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Mar 3, 2023, 7:12am EST
politics

The debt ceiling fight settles in for a long stalemate

Speaker Kevin McCarthy
REUTERS/Evelyn Hockstein
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The News

The clash over the debt limit has entered its own version of the Phony War — the early lull before major fighting commenced in Europe at the start of World War II.

Republicans and Democrats are both dug in, satisfied for now to wait the other side out while lobbing the occasional rhetorical grenades from their respective foxholes.

President Joe Biden met with Senate Democrats on Capitol Hill on Thursday and only lightly touched on the debt ceiling without offering much in specifics, per Democratic senators in the room.

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Sen. Mark Warner, D-Va. said there was “some conversation” about the borrowing limit. “He wants the Republicans to put their budget out,” said Sen. Joe Manchin, D-W. Va.

There haven’t been any recent signs of progress between Biden and House Speaker Kevin McCarthy on a deal either since they met at the White House last month. “He hasn’t followed up from our last meeting, even though he said he would,” the California Republican told CNN on Wednesday.

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Joseph’s view

Don’t expect high-level discussions over debt ceiling legislation to break out any time soon.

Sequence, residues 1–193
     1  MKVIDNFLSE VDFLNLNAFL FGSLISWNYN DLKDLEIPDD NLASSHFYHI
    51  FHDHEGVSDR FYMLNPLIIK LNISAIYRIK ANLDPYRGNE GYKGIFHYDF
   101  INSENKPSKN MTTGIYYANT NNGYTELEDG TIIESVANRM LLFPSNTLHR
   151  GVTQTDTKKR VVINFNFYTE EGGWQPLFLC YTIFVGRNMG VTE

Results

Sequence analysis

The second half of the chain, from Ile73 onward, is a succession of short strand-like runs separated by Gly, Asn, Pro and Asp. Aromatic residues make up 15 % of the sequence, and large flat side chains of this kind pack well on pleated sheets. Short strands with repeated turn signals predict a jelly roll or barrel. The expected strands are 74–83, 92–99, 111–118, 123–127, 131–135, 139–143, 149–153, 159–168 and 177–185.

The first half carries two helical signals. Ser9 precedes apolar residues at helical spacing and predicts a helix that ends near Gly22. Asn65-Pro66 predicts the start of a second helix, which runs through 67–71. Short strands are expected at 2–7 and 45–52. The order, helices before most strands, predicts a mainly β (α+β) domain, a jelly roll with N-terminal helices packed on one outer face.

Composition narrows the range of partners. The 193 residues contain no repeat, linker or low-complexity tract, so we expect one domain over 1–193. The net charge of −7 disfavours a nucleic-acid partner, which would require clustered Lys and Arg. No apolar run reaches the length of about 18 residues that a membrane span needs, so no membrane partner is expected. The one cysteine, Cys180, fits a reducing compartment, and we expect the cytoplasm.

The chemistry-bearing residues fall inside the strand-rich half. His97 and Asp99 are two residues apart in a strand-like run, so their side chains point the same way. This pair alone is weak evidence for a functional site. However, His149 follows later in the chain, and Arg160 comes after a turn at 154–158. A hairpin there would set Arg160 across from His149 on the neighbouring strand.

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Reauthorizing the US’s ability to borrow is at the top of Congress’s agenda this year. But at the moment Biden is showing no inclination to back down from his demand that Republicans pass a “clean” debt ceiling hike without conditions. Democrats are in no mood to reward the GOP for rediscovering an appetite for austerity as soon as Republicans lose the White House.

Rather than negotiate, he has challenged the GOP to first show they can assemble a budget capable of netting 218 votes in the House, an enormous task for McCarthy. And the speaker, for his part, has said he’s a hard no on a clean hike.

Congress typically doesn’t check an item off its to-do list without the pressure of a deadline and it’s still not clear when the X-date for default lands on the calendar. Like many college students, lawmakers have a tendency to procrastinate — and only scramble to turn in their assignments at the very last minute.

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“There’s just not much to talk about until the X-date is close enough to budge people from their current postures and Republicans demonstrate what they can produce the votes for,” Liam Donovan, a former Republican aide, told Semafor. “Until then, Biden and Democrats are content to wait.”

Brian Riedl, a conservative budget expert in touch with Congressional Republicans, was blunter: “Both sides are gonna play chicken and see who blinks first.”

Congressional Budget Office Director Philip Swagel recently said at a Bipartisan Policy Center event that the government’s number crunchers will develop a clearer understanding of the X-date sometime in May, due to incoming payments from tax season. The CBO recently projected that the US likely has enough cash on hand to pay its bills until it defaults “sometime between July and September.”

In other words, maybe we’ll see some real combat by the summer.

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Room for Disagreement

Manchin has been publicly pressuring Democrats to stop dawdling and cut an actual spending deal with Republicans. Senate Majority Leader Chuck Schumer offered his response during a Thursday CNN interview: “Joe my dear friend I love you, but there’s nothing to negotiate with,” he said.

Morgan Chalfant contributed to this report

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